Publico Kitchen and Tap

Publico Kitchen and Tap, the restaurant at 2013 Greene St. in Five Points, got a key zoning variance it needs to close the parking lot behind its building to make way for an expanded outdoor patio and recreation area.

The City of Columbia's zoning board gave unanimous approval for the variance on Dec. 11 at City Hall. Publico needed the approval of the board in order to operate without any designated off-street parking. The restaurant currently has 18 spaces behind its building, but because of the small size of the parking lot and the narrow driveway leading to it, Publico owners say it is rarely used.

Publico, which has been operating in Five Points since 2015, specializes in Latin-Asian fusion cuisine, and also has a number of craft beers on tap.

Paperwork submitted to the zoning board indicates Publico plans to increase seating behind the restaurant, set aside a designated area for corn hole, add an area for various other games (like Connect 4, Jenga and beer pong) and put in a bocce ball court.

"People love to socialize," Publico co-owner Bob McCarthy told Free Times. "There's a lot of socialization. So, there will be corn hole and bocce ball and those type of things."

In addressing the zoning board, McCarthy stressed the reasons the owners think Publico doesn't need its rear lot for parking, and could make better use of it as a place with extra tables and recreation opportunities. He said many of those who come to the restaurant, and Five Points in general, use a rideshare service or some form of public transit.

"In the last three years it has become increasingly obvious that consumers have altered their habits when it comes to transportation," McCarthy said. "The proliferation of services such as Uber and Lyft have shown that many more people choose not to drive personal vehicles when going out socially for both safety and economical reasons."

The Publico co-owner says adding the outdoor space will also allow the restaurant to serve more patrons with pets. He says he has seen an uptick in customers who want to bring their dogs with them. He says being pet-friendly has become "a requirement, not an option."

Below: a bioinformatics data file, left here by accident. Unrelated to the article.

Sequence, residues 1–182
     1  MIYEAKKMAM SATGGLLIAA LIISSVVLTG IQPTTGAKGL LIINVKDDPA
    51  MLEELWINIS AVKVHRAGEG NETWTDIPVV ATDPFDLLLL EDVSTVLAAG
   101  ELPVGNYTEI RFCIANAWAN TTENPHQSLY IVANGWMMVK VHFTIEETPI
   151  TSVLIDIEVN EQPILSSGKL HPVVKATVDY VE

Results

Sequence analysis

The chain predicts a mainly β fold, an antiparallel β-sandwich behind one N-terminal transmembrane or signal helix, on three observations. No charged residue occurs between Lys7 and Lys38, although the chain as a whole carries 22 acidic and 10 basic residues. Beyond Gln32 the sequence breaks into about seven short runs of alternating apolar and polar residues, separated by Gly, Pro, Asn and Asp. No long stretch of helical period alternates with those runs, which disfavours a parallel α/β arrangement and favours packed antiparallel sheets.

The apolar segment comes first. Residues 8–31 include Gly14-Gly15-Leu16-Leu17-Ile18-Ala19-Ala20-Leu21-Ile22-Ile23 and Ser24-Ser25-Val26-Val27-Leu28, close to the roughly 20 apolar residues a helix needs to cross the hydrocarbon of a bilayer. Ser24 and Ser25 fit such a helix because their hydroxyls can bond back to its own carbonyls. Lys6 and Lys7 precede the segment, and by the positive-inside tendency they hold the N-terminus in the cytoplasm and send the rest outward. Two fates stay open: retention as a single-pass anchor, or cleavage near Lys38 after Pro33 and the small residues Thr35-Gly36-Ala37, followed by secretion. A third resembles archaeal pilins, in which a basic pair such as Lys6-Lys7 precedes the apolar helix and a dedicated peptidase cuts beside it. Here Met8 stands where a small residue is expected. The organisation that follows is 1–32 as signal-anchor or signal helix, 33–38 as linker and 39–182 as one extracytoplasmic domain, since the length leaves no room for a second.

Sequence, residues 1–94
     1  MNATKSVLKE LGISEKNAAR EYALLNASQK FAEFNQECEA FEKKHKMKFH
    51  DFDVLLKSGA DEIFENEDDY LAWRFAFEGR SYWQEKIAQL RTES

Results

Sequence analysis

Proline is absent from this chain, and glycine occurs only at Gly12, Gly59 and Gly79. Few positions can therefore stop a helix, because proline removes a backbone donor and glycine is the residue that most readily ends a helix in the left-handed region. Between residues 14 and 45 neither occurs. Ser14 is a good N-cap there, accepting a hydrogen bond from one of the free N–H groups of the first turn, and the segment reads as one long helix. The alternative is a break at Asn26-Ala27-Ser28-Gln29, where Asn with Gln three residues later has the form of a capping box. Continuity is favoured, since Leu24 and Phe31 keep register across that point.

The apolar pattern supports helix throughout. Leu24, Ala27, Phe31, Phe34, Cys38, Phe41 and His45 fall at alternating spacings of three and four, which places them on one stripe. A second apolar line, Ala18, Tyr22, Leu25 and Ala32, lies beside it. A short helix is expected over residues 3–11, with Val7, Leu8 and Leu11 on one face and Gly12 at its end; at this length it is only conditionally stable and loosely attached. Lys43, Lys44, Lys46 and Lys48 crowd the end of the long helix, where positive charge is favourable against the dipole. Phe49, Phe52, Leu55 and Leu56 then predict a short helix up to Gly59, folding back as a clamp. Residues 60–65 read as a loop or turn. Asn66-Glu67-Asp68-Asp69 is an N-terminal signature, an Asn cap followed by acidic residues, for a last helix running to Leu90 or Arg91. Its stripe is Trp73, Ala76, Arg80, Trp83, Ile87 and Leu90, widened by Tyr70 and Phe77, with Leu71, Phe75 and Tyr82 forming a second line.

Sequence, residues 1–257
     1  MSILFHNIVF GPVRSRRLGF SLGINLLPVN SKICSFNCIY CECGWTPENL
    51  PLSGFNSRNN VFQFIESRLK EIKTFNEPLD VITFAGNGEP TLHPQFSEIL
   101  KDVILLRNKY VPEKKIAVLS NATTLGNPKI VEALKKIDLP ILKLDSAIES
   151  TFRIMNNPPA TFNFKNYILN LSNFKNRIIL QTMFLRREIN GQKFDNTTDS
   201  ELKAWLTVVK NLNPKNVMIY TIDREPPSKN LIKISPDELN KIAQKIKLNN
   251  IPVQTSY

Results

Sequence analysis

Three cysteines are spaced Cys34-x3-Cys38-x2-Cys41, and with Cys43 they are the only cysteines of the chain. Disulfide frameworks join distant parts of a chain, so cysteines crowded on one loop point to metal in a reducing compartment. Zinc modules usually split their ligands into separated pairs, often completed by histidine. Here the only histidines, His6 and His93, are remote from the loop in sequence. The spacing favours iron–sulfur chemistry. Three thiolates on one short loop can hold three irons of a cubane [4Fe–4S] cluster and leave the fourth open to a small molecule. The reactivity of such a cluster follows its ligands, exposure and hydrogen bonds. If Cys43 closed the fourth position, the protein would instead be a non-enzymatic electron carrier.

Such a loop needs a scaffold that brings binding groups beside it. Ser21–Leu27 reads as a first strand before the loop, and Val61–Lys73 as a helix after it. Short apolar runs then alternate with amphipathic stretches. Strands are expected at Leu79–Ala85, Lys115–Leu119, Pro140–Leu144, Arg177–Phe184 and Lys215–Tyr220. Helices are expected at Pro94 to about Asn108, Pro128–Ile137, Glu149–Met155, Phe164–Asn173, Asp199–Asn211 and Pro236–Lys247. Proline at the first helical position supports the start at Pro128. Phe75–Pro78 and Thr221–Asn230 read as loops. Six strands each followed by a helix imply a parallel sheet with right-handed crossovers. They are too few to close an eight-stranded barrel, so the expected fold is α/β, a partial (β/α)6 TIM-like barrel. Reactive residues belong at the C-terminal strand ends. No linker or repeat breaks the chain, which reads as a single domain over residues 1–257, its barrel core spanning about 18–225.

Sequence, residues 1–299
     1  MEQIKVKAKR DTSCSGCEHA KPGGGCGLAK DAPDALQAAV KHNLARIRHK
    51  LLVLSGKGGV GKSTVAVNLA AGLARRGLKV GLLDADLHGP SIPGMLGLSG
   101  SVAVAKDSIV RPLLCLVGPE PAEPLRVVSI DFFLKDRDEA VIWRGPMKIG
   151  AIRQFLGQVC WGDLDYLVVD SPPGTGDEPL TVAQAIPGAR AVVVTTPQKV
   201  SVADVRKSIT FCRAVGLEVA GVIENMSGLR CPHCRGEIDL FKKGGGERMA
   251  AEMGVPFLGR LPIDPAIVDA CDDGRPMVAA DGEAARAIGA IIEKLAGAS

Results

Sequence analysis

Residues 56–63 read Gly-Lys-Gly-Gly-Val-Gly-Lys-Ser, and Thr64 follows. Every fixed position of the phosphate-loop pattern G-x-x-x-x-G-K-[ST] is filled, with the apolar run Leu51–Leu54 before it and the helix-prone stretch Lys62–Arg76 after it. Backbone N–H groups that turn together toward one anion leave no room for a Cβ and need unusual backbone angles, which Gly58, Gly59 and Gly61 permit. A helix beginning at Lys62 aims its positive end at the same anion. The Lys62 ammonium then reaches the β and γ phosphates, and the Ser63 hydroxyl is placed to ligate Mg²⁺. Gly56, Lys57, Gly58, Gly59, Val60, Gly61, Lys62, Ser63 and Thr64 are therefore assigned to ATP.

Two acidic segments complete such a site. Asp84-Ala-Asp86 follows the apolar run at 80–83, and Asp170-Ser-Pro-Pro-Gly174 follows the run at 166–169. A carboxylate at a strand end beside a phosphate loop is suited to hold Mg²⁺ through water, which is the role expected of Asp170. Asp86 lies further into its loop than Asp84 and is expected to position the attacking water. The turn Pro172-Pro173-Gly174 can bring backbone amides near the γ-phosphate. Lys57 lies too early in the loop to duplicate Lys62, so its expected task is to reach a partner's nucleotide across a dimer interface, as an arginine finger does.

"Believe it or not, we do a made-from-scratch dog menu, and 100 percent of [funds from] that goes to the Humane Society," McCarthy tells Free Times.

Joe Azar is the owner of Upstairs Audio in Five Points, and was at the zoning board meeting to ask for a parking variance of his own. On Dec. 11 he spoke in favor of the zoning variance for Publico, saying the restaurant has been a good neighbor since moving into the space formerly occupied by Garibaldi's, which was an Italian fine dining establishment, in 2015.

"When Garibaldi's closed down, we were so afraid of, 'Here comes another late-night bar and all the garbage and trash and everything,'" Azar said, as a nod to the many college bars in the nightlife district. "Publico has done a wonderful job. They have great tacos and they have an excellent hamburger. ... I have to agree with [McCarthy]. People are taking Uber and Lyft now. We don't need as much [off-street] parking sometimes."

Amy Beth Franks, director of the Five Points Association merchants group, told the zoning board the association was in favor of the Publico's request to eliminate its off-street parking to make way for more outdoor seating and recreation.

"[Publico] has been a stellar member of our community and we are happy that they are working to improve [Five Points'] image," Franks said.

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